•   FigureFigure 2.16.6 Steps to fabricate a fiber optic patch cable that can attach to an implantable optical fiber. (A) Furcation tubing covers the exposed optical fiber to prevent visualization of the light from becoming a cue to the animal. (B) Heat shrink tubing is used to both strengthen this junction and hold the furcation tubing in place. (C) A zirconia split sleeve is placed over three quarters of the ferrule. The remaining area of the split sleeve will accommodate the loose ferrule that will be implanted in the skull of an animal. (D) Heat shrink tubing is again used to both strengthen this junction and hold the furcation tubing in place. (E) The ferrule of the implantable optical fiber is inserted into the split sleeve on the patch cable. A mark is made on the loose ferrule to indicate how much of it must remain exposed to form a solid connection to the cable. Cement can be applied below this mark when affixing the ferrule to the skull of the animal. (F) Illustration of a completed fiber optic patch cable. Heat shrink is indicated by translucent green sheathing over the connector boot and ferrule + ceramic split sleeve. Fiber optic cable is indicated by thin bright pink line, while furcation tubing is represented by yellow covering running along the length of exposed fiber optic cable. Drawing is not to scale, and should be viewed digitally for optimal clarity.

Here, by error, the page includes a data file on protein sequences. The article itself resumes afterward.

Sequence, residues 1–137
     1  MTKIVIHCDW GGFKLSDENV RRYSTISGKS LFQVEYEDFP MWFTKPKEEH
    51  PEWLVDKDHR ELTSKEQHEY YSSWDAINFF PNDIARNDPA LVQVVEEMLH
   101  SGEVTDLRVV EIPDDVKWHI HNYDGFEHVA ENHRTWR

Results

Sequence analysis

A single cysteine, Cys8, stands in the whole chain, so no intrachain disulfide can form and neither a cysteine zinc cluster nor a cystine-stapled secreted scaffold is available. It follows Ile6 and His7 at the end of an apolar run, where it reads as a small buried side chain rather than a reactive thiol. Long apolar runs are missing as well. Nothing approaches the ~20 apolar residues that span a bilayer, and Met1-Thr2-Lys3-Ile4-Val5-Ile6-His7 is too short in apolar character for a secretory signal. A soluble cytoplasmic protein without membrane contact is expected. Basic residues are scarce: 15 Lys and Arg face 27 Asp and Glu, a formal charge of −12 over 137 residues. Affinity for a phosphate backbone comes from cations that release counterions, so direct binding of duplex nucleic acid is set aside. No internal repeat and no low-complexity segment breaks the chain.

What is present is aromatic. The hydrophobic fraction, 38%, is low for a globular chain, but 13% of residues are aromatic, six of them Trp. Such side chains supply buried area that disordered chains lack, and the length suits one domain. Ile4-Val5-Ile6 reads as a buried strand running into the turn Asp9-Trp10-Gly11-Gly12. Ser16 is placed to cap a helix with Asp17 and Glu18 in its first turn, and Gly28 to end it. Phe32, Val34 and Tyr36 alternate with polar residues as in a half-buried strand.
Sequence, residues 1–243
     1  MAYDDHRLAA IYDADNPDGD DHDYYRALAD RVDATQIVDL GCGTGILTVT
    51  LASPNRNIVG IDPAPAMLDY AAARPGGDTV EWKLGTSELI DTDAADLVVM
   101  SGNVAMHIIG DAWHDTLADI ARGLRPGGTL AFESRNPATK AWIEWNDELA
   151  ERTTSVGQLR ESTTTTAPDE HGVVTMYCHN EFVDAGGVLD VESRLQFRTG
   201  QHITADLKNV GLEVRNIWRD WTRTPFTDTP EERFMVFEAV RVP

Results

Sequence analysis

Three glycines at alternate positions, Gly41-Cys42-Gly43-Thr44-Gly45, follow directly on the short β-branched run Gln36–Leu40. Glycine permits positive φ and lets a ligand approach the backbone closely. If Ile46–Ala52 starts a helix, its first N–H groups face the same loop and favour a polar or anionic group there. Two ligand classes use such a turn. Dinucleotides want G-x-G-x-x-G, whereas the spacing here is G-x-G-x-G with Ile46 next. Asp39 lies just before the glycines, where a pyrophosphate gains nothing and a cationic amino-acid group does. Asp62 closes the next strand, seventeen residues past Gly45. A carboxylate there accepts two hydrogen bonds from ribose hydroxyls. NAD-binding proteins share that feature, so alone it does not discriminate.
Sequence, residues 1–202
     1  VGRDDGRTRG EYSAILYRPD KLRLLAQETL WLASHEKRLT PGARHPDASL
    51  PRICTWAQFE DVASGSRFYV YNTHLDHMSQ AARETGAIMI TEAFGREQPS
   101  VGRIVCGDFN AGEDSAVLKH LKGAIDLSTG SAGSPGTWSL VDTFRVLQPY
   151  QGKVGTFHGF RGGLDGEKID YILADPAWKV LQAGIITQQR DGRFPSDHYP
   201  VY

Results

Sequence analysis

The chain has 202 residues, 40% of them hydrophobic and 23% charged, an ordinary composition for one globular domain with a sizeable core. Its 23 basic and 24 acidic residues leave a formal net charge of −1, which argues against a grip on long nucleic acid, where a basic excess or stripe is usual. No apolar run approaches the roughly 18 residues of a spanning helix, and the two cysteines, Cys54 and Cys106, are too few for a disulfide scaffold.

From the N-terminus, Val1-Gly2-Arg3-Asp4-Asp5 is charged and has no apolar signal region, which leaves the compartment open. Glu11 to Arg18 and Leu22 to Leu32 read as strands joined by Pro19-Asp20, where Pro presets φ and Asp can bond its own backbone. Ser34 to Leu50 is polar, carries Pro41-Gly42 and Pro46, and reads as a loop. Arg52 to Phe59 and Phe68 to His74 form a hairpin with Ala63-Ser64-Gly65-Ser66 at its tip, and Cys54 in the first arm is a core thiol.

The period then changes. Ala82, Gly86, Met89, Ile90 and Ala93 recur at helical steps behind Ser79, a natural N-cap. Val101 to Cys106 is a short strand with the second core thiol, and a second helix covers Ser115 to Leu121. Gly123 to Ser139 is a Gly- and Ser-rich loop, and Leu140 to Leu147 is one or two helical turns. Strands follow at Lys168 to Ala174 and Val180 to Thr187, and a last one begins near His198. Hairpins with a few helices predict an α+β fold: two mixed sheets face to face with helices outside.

•   FigureFigure 2.16.7 Steps to create an optical fiber guide cannula system. (A) The cannula connector assembly is threaded over the furcation tubing on the optical fiber. Bare optical fiber will protrude out of the captive collar as seen on the right side of the image. (B) Pieces of the guide cannula assembly are shown. The cannula pedestal (top left) will be implanted into the skull of the animal following the virus injection during stereotaxic surgery. (C) The infusion cannula is held in a hemostat while a drop of epoxy is injected into it. (D) The epoxy‐filled infusion cannula is slid over the optical fiber until it is flush against the captive collar on the connector assembly. (E) To determine exactly where the optical fiber should be cut, it is necessary to screw the cannula pedestal into the captive collar. The optical fiber should be cut so that it does not protrude out of the cannula pedestal more than 1 mm.
  •   FigureFigure 2.16.8 Accessories used for in vivo applications. (A) A fiber splitter from Precision Fiber Products with bare fiber on all ends. It splits light evenly and is customizable. (B) A fiber optic rotary joint (commutator) from Doric Lenses with FC/PC connections on either end. It has minimal torque and can be easily rotated by mice. (C) A fiber optic patch cable with rotary joint and fiber splitter can be used for bilateral optical stimulation in vivo.